Submission Process of TRI:


Not all facilities must submit a TRI report. Below we have explained the reporting criteria. Before knowing the submission process check out the criteria discussed below. To understand the process of TRI form submission, continue reading the following points:


Reporting Criteria:


  • Not all facilities need to submit the TRI reports. Facilities must be in an industry sector subject to TRI reporting. Mainly facilities from manufacturing, mining, and electric power generation must submit the report.


  • Facilities with 10 or more full-time employees are required to submit TRI reports. Therefore, it is crucial to consider the total number of employees to verify eligibility for TRI submission.


  • If the facility’s primary NAICS code falls under the TRI program or if it is a federal facility.


  • In case the facility produces, stores, or uses TRI-listed products.


  • In case the facility exceeds any of the thresholds for a chemical or chemical category. 


What does the Facility Must Submit?


  • In case it manufactures, processes, or uses any of the TRI-listed chemicals, the submission of form R will be necessary for each chemical.


  • The submission of form A is necessary if the facility only meets some criteria.


  • The form must be submitted to the EPA and the state in which the facility is situated.


  • TRI-MEweb, for online TRI submissions. 

The Reporting Process:


Check out the following steps for the successful submission of TRI reporting.


  • Determine if your facility meets the reporting criteria. 


  • If your facility is eligible,  gather information on TRI chemicals used throughout the calendar year.


  • The accuracy of the TRI reporting form must be verified and certified. It has to be conducted by any senior representative of an organization.


  • Using the TRI pollution prevention search tool is beneficial, as it allows you to learn from the best practices of other facilities.


What Information Does a Facility Provide?


Through the TRI reporting submission facilities share the following data:


  • How they manage chemical waste through environmental releases(into the air, water, and land), recycling, energy recovery, treatment, and also disposal.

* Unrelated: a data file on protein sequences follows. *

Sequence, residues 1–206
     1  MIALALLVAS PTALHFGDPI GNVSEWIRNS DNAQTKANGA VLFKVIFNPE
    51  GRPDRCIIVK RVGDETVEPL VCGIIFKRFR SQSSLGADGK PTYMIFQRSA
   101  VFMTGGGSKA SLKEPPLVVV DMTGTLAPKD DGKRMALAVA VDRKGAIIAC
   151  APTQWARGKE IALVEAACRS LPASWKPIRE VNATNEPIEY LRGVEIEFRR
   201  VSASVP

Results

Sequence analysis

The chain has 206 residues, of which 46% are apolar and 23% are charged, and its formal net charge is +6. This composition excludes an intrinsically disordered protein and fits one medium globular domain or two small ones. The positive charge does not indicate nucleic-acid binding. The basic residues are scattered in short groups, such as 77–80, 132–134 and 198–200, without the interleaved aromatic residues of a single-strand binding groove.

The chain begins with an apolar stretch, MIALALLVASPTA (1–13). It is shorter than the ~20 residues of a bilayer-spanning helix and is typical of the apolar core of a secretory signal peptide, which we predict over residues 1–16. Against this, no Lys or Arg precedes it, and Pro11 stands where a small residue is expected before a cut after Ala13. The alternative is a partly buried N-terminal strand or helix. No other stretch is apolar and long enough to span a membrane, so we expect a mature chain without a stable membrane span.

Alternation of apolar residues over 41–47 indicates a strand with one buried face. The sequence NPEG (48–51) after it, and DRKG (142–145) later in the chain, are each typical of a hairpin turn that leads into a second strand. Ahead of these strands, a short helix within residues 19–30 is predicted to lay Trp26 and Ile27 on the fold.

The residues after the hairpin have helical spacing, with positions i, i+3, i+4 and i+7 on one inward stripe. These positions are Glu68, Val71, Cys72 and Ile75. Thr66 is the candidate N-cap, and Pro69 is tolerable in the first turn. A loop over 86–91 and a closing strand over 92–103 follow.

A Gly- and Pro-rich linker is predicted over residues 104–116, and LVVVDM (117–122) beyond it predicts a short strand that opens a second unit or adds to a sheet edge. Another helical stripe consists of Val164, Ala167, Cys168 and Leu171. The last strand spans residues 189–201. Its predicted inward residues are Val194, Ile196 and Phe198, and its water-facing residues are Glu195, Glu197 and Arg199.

• Facilities must also inform the EPA about their efforts to minimize the amount of chemical waste released into the environment.
  • Facilities must report their strategies for preventing the generation of waste in the first place.

What are the Limitations of the Toxics Release Inventory(TRI) Chemical List?


Here are the limitations of the TRI chemical list:


  • The TRI chemical list does not encompass all pollutants released into the environment. It does not include particulate matter and the majority of greenhouse gases.


  • Facilities outside TRI reporting requirements, such as those in non-covered industry sectors or with fewer than 10 employee equivalents, do not submit reports.


  • It does not cover emissions from motor vehicles.


  • TRI data submissions exclude consumer releases of TRI chemicals from household consumer products.

Some Important Tips for Facilities for Effective TRI:


The submission of the Toxics Release Inventory has to be accurate. Here are essential tips to ensure your organization submits accurate TRI reports.

  • Know Your Requirements:

Understand if your facility falls under TRI reporting obligations. So, verify all the reporting criteria for TRI report submission. The verification needs to be based on the industry sector, employee count, and chemical usage thresholds. 

  • Stay Updated: 

Every facility must be fully informed about the substances that are listed on the TRI list. As a result, you’ll know how many of these chemicals your facility utilizes. Thus staying updated with the EPA regulations will be possible. 


  • Accurate Data Collection: 


The TRI form requires sharing accurate information. Begin early in the reporting year to collect comprehensive data on TRI chemicals used, manufactured, or processed. After all, collecting and sharing accurate data is necessary. 


  • Utilize EPA Resources: 


Make use of EPA tools like TRI-Meweb for streamlined reporting. Facilities can also utilize TRI pollution prevention search tools to learn best practices. 

  • Compliance Review: 


Facilities must conduct regular reviews to ensure compliance with reporting deadlines. This also helps with the submission of accurate data without breaching the deadline. 

  • Engage Stakeholders: 


Involve all relevant stakeholders to ensure thorough understanding and compliance with TRI requirements. This is necessary for the appropriate submission of the TRI report by July 1. 



The Toxics Release Inventory is a crucial database that helps organizations with appropriate decision-making. Therefore, facilities must understand its importance and know well about the reporting submission criteria along with all other conditions. 

TRI helps industries stay accountable, prevents pollution, and informs communities about local environmental impacts. With the right understanding of TRI’s importance, everyone can work together to reduce chemical exposures and protect public health and the environment.